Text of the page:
ANALYSIS: Impact of Microsoft's Lawsuit Unclear

When Microsoft filed a federal copyright infringement lawsuit against braindump site, many hailed the action. But the suit explores uncharted legal waters, with unpredictable results.

Last week when Microsoft filed a federal copyright infringement lawsuit against leading braindump site, many hailed it as a shot across the bow against the so-far elusive foreign providers that deal in IT certification exam questions and answers.

However, even if Microsoft wins the legal battle against, the war against braindumps could remain unchanged due to the difficulties of collecting overseas judgments.

The IT braindump industry has been dominated by foreign providers, most prominently, ever since two criminal suits (one successful, one ultimately unsuccesssful) took down the two major U.S.-based braindump providers a few years ago.

While the parent company of, Certification Trendz, is registered in the United Kingdom, it is widely believed that the company itself operates out of Pakistan.

In fact, since at least 2001, and other sites owned by Certification Trendz have been associated with a Shahzad Shahnawaz, based in Faisalabad, Pakistan. A signature on a corporation document from 2005 appear to indicate that Shahnawaz owned the company at least up to last year, and is at a minimum still affiliated with the company, based on a post made earlier this month using a Certification Trendz-related e-mail address.

Still, other names have been associated with the company in the past. attempted to contact the company and Shahnawaz via various e-mail addresses to confirm his identity, ownership and get the company's take on this suit, but did not receive a response by press time.

The uncertainty over who owns as well as opportunities for legal discovery -- however difficult with a Pakistan-based company -- may be why Microsoft filed the suit against “John Does”s instead of naming Shahnawaz, said Paul Lesko, head of patent and intellectual property litigation at East Alton, Ill.-based Simmons Cooper LLC. “It could be one of those things…at least it will keep it open to potentially conduct discovery [or see] if there are other names are out there.”

If Microsoft cannot identify the owners, or if TestKing chooses not to defend itself, Redmond could get a judgment in its favor fairly quickly -- months versus years – as long as it proves its case, Lesko said.

But no matter how the lawsuit plays out, if Microsoft wins, the company may have troubles collecting. Lesko said that anything awarded to Microsoft will be valid in the United States, but to collect overseas, Microsoft will need to get the cooperation of a Pakistani court. Without that, damages, property, business records and other relief the company is seeking are unlikely -- leaving only the domain names of the violating sites.

“It's easier to shut down their Web site, but it's a lot more difficult to [shut them down],” he said. “Just because you shut them down somewhere, doesn't mean they can't pop up somewhere else.”

The expense of litigation and uncertain outcome is one reason it's often the last resort for an IT certification company to sue an overseas braindump provider.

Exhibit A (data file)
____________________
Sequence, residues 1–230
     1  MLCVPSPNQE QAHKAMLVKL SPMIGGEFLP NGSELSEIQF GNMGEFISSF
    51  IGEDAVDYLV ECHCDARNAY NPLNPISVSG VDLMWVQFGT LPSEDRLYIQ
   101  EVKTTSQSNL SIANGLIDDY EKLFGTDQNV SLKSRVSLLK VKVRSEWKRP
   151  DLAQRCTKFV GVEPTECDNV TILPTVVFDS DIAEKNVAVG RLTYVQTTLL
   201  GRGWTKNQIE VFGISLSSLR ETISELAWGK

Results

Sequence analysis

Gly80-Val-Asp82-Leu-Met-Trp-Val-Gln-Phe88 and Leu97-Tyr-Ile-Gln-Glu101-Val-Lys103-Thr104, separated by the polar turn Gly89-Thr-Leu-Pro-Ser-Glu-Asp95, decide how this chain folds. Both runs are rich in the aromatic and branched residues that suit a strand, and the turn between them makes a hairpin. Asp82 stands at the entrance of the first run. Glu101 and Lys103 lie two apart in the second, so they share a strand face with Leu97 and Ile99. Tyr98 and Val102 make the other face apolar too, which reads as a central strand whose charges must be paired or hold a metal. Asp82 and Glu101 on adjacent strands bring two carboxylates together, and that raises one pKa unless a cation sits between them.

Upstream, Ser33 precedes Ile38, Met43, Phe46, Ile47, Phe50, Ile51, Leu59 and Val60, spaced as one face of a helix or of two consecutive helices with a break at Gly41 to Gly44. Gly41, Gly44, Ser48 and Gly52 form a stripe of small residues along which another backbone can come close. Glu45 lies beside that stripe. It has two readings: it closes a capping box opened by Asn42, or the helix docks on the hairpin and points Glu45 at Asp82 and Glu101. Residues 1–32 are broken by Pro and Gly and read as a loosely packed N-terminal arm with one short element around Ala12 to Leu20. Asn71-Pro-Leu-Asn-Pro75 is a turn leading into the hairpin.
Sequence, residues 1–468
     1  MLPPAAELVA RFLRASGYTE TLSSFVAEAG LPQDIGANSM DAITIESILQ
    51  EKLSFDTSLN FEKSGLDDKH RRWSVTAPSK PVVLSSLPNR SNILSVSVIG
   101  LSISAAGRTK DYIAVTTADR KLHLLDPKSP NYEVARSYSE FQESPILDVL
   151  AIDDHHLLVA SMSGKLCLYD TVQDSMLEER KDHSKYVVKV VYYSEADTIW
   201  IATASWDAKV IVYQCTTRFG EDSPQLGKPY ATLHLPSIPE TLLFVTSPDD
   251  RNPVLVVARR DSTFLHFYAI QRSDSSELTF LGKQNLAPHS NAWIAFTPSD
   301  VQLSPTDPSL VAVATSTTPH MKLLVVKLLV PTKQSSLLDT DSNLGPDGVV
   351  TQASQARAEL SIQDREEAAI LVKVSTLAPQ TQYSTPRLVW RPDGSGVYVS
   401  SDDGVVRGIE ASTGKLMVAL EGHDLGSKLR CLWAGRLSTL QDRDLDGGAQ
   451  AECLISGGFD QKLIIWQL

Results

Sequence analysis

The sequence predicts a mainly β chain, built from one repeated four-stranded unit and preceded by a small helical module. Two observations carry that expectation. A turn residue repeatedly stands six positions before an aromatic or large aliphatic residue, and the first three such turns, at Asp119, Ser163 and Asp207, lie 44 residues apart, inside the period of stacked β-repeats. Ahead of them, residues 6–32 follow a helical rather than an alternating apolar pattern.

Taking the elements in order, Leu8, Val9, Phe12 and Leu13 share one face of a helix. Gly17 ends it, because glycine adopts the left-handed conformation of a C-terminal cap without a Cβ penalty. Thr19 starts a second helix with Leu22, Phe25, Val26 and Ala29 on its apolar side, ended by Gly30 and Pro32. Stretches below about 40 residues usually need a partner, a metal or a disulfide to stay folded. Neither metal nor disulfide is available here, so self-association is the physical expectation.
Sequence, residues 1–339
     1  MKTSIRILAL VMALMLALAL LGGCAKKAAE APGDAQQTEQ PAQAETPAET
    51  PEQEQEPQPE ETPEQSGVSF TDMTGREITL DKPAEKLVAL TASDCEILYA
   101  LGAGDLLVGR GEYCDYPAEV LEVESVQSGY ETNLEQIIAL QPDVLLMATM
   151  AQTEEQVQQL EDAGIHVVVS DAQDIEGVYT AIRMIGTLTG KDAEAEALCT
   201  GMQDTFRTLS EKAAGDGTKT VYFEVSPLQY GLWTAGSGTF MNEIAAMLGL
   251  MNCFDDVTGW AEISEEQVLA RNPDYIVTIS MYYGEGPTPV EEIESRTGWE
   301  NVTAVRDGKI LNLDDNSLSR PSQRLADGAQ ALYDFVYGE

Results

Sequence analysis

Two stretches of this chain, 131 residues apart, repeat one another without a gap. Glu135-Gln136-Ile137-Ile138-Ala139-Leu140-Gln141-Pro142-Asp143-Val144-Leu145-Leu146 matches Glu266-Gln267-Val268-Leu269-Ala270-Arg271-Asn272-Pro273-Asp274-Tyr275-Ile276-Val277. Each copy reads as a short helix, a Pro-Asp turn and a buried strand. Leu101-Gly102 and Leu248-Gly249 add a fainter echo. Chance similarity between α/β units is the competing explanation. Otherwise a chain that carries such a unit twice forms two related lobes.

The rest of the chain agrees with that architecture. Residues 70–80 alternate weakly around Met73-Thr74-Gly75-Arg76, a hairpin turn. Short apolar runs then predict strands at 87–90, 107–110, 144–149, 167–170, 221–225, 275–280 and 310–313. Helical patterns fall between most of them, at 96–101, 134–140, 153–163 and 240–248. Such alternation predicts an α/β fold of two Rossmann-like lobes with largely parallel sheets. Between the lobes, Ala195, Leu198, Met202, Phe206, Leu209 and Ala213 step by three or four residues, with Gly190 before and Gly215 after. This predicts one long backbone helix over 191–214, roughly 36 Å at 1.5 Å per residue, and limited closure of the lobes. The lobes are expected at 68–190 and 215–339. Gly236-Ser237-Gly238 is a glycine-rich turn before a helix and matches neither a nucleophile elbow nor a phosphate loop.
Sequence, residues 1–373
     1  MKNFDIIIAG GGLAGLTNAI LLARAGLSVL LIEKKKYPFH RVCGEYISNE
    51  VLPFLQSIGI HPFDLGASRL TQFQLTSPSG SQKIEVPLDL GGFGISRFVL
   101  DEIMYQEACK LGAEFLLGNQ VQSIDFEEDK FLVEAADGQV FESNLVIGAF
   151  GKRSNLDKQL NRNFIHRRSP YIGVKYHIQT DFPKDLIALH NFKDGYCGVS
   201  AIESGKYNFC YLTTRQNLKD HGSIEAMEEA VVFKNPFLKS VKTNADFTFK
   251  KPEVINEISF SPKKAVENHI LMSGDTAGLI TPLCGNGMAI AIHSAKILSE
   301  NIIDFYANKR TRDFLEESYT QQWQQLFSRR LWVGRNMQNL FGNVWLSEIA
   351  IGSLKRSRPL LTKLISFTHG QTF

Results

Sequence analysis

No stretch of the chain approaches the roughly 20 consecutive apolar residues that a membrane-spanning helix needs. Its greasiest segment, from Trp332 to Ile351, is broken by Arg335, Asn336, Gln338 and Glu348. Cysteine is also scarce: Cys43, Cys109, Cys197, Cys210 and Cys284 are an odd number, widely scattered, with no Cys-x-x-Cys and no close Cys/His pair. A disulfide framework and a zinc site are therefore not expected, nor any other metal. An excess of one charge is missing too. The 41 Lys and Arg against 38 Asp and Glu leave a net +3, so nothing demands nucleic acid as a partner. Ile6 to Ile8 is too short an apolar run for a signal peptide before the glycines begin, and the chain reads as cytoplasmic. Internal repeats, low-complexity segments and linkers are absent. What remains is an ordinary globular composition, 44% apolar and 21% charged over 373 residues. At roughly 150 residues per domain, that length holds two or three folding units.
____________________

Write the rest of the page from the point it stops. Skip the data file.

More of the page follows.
As for the timing of the suit, Lesko says there's no real change in the law that would make it more sensible for Microsoft to file the suit now versus a few years ago.

When asked why the company filed this suit now, Microsoft Learning's Lead Project Manager Al Valvano said, Nothing honestly has really changed in terms of strategy. We've always been focused on protecting the value of certification as an asset."

"I think this [case] is particularly noteworthy just because of the size of Test King,” he continued. “But there's really been no deviation in terms of [our] strategy."

Microsoft declined to comment further on the specifics of the suit.

Whether or not the suit turns out successful for Microsoft, the industry is taking other steps to help combat braindumps, says Jamie Mulkey, Ed.D., senior director of Test Security Services for the test security consulting group Caveon.

Over the past few years, groups like Caveon, the testing centers and IT certification programs themselves have developed and are using technologies that can help identify cheating at various levels throughout the testing system.

And Mulkey, who is also chair of the Association of Test Publishers' Certification Licensing Division and head of its security initiative, said that the initiative is making significant progress toward identifying the source of major test leaks in the industry, although that research is ongoing.

So while lawsuits may not be the ultimate answer, Mulkey still has high hopes for this one. “I think it's huge,” she commented. “[] are the kingpin, so if Microsoft's successful, I think it would…take a lot of braindump sites with them.” -- Additional reporting by Scott Bekker

About the Author

Becky Nagel is the vice president of Web & Digital Strategy for 1105's Converge360 Group, where she oversees the front-end Web team and deals with all aspects of digital projects at the company, including launching and running the group's popular virtual summit and Coffee talk series . She an experienced tech journalist (20 years), and before her current position, was the editorial director of the group's sites. A few years ago she gave a talk at a leading technical publishers conference about how changes in Web browser technology would impact online advertising for publishers. Follow her on twitter @beckynagel.


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